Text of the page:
together. they definitely hosted each other at their various mansions. they definitely go see sporting events together. that we know vladimir putin is god father to victory me ved chuck's daughter. that's who putin is hoisting and hugging. whenever you hear about one of these guys who's very personally close to vladimir putin, the next sentence you always read about is how wealthy they are. madly wealthy. in victor's case, he's a life long policing. he's public servant but nevertheless he lives very well at any number of his lavish estates. who knows what his source of income is. he's described in recent news reports as essentially putin's political fixer, his emissary when it comes to difficult negotiations over things like eastern ukraine.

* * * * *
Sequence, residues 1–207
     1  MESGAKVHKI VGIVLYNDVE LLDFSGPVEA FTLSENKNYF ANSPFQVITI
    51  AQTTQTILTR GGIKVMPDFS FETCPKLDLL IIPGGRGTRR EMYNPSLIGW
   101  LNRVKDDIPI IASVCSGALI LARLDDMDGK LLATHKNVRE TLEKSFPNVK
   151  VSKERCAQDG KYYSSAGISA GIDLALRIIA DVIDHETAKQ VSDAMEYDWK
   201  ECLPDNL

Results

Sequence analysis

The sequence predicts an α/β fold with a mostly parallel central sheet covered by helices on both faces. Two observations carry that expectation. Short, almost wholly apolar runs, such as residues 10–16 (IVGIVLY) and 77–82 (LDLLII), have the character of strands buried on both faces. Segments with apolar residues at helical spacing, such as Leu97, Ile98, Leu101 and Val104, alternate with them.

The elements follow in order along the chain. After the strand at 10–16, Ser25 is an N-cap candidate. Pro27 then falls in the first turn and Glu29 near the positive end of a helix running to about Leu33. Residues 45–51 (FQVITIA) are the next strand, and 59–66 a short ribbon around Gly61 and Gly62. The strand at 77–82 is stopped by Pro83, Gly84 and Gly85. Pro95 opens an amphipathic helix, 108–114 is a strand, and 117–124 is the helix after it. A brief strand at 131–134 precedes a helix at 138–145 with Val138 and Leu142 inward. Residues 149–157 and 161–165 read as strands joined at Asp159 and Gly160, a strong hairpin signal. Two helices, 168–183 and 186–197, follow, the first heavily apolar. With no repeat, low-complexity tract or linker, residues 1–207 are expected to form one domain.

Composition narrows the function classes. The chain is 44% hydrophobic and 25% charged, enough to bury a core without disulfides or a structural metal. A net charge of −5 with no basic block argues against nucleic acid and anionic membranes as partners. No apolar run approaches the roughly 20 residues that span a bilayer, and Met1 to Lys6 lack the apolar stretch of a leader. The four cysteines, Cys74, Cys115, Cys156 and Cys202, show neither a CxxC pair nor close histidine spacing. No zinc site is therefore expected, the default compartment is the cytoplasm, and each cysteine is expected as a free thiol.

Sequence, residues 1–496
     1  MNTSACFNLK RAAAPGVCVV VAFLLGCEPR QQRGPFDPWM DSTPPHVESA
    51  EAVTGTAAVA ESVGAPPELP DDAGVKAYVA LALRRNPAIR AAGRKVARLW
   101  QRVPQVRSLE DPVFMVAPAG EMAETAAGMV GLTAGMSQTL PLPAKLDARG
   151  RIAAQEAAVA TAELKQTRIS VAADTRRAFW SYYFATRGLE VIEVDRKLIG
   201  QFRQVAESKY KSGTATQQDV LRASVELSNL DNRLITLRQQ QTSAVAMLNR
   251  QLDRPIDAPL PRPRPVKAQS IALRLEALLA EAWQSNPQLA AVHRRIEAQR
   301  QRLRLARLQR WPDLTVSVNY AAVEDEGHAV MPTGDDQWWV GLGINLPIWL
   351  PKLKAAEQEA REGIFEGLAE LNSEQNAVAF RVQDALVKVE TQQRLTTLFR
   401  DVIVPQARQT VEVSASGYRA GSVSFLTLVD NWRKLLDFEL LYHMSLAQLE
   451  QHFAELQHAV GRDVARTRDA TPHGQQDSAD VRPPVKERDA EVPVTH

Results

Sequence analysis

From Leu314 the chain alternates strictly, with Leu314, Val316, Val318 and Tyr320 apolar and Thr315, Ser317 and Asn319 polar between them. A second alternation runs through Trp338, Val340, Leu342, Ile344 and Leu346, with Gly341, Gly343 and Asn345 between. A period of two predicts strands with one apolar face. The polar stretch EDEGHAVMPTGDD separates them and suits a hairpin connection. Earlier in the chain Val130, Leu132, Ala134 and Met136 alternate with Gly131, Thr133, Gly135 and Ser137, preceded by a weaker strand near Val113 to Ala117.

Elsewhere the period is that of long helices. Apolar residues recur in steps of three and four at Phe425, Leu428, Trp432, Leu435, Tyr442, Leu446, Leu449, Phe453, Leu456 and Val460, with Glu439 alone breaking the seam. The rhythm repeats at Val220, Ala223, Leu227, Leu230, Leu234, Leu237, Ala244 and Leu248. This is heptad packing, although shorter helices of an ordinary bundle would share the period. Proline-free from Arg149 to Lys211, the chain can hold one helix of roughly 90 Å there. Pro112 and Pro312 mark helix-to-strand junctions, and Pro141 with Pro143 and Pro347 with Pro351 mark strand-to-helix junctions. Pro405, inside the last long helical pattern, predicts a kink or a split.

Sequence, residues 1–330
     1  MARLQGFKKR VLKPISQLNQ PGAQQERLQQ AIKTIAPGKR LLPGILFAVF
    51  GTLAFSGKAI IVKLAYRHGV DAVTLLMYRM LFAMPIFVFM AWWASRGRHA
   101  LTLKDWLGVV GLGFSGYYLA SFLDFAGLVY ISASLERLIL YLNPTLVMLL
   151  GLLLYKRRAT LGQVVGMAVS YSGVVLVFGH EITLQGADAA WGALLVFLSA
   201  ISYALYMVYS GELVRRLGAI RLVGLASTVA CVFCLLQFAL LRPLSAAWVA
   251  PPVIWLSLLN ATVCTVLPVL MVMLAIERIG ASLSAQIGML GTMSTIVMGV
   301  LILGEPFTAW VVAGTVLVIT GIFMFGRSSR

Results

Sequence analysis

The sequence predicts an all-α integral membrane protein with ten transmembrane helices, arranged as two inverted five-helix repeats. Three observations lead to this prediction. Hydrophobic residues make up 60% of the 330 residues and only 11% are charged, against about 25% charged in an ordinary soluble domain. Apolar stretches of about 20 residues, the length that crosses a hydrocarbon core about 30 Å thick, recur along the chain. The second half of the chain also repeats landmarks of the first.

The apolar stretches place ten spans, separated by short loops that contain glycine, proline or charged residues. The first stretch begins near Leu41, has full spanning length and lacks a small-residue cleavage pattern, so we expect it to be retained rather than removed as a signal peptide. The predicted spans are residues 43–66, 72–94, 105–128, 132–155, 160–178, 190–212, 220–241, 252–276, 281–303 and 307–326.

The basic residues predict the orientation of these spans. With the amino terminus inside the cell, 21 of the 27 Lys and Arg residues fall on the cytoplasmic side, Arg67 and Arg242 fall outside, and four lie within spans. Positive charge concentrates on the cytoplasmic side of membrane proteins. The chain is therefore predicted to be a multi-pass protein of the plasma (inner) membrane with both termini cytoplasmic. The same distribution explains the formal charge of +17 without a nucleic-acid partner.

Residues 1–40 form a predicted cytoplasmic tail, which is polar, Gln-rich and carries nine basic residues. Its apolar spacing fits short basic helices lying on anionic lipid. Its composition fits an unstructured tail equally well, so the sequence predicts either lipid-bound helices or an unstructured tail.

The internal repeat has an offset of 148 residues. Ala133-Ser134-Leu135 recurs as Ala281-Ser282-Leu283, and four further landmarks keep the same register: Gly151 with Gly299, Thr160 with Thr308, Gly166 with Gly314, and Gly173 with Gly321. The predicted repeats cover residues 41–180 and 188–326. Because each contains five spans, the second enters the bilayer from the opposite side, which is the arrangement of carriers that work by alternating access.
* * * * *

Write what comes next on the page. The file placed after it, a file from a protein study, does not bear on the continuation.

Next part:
he hand delivers putin's personal communications. victory med ved chuck, he's famous in his part of the world for his known closeness and close working relationship and close personal relationship with vladimir putin. and reuters now reports that victory med ved check also spent some of last year in high level communication with the donald trump for president campaign. there's been a lot of breaking news, but this reuters story actually tells us quite a lot we didn't already know. the reuters reporting is that federal investigators are reviewing 18 interactions between russian officials and others with kremlin ties and various advisers to donald trump's campaign. again, this is not further exploration of contacts that have been because ordered